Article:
Acute RNA Viral Encephalomyelitis and the Role of Antibodies in the Central Nervous System

Maggie L. Bartlett, Diane E. Griffin

Research output: Contribution to journalReview articlepeer-review

1 Scopus citations


Acute RNA viral encephalomyelitis is a serious complication of numerous virus infections. Antibodies in the cerebral spinal fluid (CSF) are correlated to better outcomes, and there is substantive evidence of antibody secreting cells (ASCs) entering the central nervous system (CNS) and contributing to resolution of infection. Here, we review the RNA viruses known to cause acute viral encephalomyelitis with mechanisms of control that require antibody or ASCs. We compile the cytokines, chemokines, and surface receptors associated with ASC recruitment to the CNS after infection and compare known antibody-mediated mechanisms as well as potential noncytolytic mechanisms for virus control. These non-canonical functions of antibodies may be employed in the CNS to protect precious non-renewable neurons. Understanding the immune-specialized zone of the CNS is essential for the development of effective treatments for acute encephalomyelitis caused by RNA viruses.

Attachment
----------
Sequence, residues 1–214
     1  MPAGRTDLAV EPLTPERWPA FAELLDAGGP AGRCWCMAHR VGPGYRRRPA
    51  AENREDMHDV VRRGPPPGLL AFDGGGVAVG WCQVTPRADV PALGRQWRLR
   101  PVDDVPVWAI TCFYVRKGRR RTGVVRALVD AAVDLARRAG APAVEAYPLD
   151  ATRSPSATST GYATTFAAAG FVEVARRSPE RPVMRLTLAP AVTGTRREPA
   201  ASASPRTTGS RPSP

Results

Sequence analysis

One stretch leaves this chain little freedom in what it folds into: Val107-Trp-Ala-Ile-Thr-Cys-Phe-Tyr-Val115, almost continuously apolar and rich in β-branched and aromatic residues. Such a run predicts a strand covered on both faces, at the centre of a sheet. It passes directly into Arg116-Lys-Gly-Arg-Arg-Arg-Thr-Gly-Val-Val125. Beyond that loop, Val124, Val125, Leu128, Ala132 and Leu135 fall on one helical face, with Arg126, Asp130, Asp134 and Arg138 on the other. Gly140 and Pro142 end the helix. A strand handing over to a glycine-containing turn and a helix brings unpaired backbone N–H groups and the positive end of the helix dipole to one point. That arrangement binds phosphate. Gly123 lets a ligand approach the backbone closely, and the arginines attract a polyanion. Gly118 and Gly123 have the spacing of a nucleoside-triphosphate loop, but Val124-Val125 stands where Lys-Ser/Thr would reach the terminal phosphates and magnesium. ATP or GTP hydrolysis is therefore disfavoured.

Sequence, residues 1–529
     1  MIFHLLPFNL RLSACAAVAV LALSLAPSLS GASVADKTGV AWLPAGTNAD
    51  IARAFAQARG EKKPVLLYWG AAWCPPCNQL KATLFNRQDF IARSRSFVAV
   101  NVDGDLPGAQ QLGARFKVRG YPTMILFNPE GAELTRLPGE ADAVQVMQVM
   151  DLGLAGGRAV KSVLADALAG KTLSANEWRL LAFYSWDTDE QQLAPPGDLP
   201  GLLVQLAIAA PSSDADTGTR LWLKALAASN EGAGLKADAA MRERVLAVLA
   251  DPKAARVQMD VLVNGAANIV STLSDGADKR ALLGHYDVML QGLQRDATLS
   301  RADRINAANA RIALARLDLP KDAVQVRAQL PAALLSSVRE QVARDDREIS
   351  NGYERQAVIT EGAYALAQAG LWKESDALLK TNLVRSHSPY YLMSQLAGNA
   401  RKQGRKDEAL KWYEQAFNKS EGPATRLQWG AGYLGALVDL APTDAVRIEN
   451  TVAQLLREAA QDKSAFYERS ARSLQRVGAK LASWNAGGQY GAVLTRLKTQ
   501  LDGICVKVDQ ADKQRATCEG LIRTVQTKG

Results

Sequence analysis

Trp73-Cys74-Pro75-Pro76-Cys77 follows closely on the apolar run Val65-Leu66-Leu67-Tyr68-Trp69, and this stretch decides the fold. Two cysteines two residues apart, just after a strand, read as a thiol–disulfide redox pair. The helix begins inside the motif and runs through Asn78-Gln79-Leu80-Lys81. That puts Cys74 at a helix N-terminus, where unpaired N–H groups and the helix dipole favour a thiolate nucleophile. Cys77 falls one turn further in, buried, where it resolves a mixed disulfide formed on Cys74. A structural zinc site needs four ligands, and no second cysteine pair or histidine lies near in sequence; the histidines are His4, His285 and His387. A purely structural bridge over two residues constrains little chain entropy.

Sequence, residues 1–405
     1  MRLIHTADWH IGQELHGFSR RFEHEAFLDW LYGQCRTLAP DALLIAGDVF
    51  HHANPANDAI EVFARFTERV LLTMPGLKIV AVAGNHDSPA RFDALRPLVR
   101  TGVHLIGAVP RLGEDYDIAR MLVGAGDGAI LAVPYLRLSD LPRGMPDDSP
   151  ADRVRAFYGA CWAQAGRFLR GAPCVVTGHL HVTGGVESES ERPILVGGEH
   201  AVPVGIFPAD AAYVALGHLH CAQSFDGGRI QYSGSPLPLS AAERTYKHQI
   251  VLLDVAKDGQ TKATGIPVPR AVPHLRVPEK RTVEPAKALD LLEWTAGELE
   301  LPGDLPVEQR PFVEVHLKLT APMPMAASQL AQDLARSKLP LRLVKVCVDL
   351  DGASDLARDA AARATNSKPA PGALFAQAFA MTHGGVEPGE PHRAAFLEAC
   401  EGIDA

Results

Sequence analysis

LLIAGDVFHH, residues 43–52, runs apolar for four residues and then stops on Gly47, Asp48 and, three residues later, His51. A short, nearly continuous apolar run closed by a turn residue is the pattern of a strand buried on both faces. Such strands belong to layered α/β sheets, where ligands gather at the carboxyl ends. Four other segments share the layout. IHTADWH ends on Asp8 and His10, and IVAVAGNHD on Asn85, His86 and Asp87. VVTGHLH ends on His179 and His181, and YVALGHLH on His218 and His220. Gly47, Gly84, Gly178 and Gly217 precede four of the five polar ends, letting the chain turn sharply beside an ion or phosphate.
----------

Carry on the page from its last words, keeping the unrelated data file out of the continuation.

Original languageEnglish (US)
Article number0988
Issue number9
StatePublished - Sep 2020


  • Antibodies
  • Central nervous system
  • Encephalomyelitis

ASJC Scopus subject areas

  • Infectious Diseases
  • Virology


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